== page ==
–in first half of 2022, Ambassador Lynch says
–advises Guyanese to focus on building export competitiveness
By Cassandra Khan
TRADE between Guyana and the United States of America (US) amounted to US$1.4 billion in the first half of 2022, according to US Ambassador Sarah-Ann Lynch.
“We are certainly committed to improving prosperity here in Guyana and a big part of that is the bilateral trade and partnerships. The United States is proud to be Guyana’s largest bilateral trading partner with bilateral trade eclipsing $1.4 billion US in the first half of this year alone,” Ambassador Lynch said during her address at a forum on effective strategies for exporting to the US, on Monday.
According to the US Department of State, US policy toward Guyana seeks to develop robust and sustainable democratic institutions, laws, and political practices; support economic growth and development; promote an active, organised, and empowered civil society, and promote stability and security.
In the area of bilateral trade, according to the Bank of Guyana, Guyana exported $1.7 billion to the US in 2021, contributing 39 per cent to Guyana’s exports by country. Guyana’s imports from the United States amounted to $565 million in 2021, or 12 per cent of Guyana’s imports.
Guyana’s major exports to the United States in 2021 continued to be non-monetary gold, fish and shellfish, bauxite, lumber and wood, apparel, and household goods, while the major imports were iron and steel, machinery, foodstuff, animal feed, petroleum products, chemicals, computers and computer accessories, passenger vehicles, telecommunication equipment, and pharmaceuticals.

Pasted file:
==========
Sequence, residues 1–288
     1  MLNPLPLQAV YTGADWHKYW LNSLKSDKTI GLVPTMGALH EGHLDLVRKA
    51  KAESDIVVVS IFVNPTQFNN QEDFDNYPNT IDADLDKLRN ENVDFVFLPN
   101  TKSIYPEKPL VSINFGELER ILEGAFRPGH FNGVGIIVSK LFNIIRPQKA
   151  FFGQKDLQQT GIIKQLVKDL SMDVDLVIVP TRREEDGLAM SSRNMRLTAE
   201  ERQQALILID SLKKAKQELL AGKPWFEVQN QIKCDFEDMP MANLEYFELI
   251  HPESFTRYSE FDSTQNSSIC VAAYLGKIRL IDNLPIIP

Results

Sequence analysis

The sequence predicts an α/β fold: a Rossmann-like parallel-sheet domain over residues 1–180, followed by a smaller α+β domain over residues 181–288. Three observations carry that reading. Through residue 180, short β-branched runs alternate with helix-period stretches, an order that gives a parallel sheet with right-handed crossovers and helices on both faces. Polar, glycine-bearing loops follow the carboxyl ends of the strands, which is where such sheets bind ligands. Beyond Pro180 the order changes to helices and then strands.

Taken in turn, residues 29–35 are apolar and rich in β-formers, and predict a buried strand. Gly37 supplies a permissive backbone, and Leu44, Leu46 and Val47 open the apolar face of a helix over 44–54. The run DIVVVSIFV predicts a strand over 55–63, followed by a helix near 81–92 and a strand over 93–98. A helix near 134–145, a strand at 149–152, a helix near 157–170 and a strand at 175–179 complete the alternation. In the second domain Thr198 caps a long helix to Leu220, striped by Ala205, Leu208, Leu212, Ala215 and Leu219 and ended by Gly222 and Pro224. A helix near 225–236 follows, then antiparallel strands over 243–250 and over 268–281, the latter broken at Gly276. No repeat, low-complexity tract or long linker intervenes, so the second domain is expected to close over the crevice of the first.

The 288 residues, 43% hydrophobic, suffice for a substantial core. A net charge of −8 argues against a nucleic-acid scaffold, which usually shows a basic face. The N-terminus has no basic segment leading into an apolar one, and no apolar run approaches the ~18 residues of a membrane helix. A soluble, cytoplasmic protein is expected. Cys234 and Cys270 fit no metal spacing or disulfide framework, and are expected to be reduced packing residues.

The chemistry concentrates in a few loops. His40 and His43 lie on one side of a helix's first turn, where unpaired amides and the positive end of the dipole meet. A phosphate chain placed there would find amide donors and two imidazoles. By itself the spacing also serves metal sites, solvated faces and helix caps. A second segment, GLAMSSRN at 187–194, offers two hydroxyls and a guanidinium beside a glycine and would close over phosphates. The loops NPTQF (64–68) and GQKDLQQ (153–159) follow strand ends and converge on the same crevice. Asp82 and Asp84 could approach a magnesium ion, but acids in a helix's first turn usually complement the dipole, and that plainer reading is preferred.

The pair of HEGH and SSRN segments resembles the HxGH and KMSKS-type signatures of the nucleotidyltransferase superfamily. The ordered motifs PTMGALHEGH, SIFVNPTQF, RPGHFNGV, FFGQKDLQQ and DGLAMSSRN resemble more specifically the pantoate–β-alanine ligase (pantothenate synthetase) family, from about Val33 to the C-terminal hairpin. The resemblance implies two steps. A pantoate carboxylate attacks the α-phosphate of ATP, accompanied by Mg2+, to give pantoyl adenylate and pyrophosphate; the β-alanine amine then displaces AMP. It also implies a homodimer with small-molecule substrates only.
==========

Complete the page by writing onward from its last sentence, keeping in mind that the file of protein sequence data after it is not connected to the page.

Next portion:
Ambassador Lunch said trade between the two nations will continue to grow, especially since Guyana’s economy is on an upward trajectory.
At the forum organised by the Guyanese American Chamber of Commerce (GACC), she advised locals to position themselves in order to become successful exporters.
“Whether you are American, Guyanese, or Guyanese-American, my advice remains the same, do your research, have a plan, and develop strong local partners and strong relationships in your target market,
“For example, if you are seeking to export agricultural products, transportation networks, cold storage and streamlined approval processes will be very key,” she said.
Ambassador Lynch related that getting products approved for export, especially to the US, could be a lengthy and difficult process, which is why research, a plan and partnerships are important.
“Export competitiveness is important for Guyana’s economy because it can help to diversify this economy and grow the non-oil sector which is very important to avoid what is known as the oil curse,” US Ambassador said.
She added: “Guyana could make a lasting impression on the world right now with so many opportunities available to all of you. I would say now is the time to invest in yourself, in your company, in your innovative skills and develop your people and your product. Keep in mind that the US market is very large and very protective of intellectual property rights… this makes it a highly valuable market to target but you need to take the time to understand how to enter the US market.”
Ambassador Lynch related that the process could be a bit simpler if local find partners in the US to help navigate the environment, conduct market research and ensure that the company meets the relevant legal requirements.
As it is now, information is available online and persons could also access help by visiting the US embassy.
“Don’t forget to research the requirements for various approvals and certifications on the Guyanese side as well. Develop your plan, including who your first buyer will be and what your distribution network will look like,” Ambassador Lynch said.
The US Ambassador said that the US embassy has a “small but strong economic and commercial team” which offers market insights or advice.
“We continue to collaborate with the Guyanese and American Private sectors offering extensive entrepreneurship training as well as mentorship and connecting folks to potential partners,” she said.
Director of Business at the Ministry of Tourism, Industry and Commerce, John Edghill, speaking on behalf of the Minister of Tourism, Industry and Commerce, Oneidge Walrond, related that the time to invest is now, especially since Guyana’s real Gross Domestic Product (GDP) has grown by 36 per cent in the first half of 2022 and is projected to grow 56 per cent overall for this year.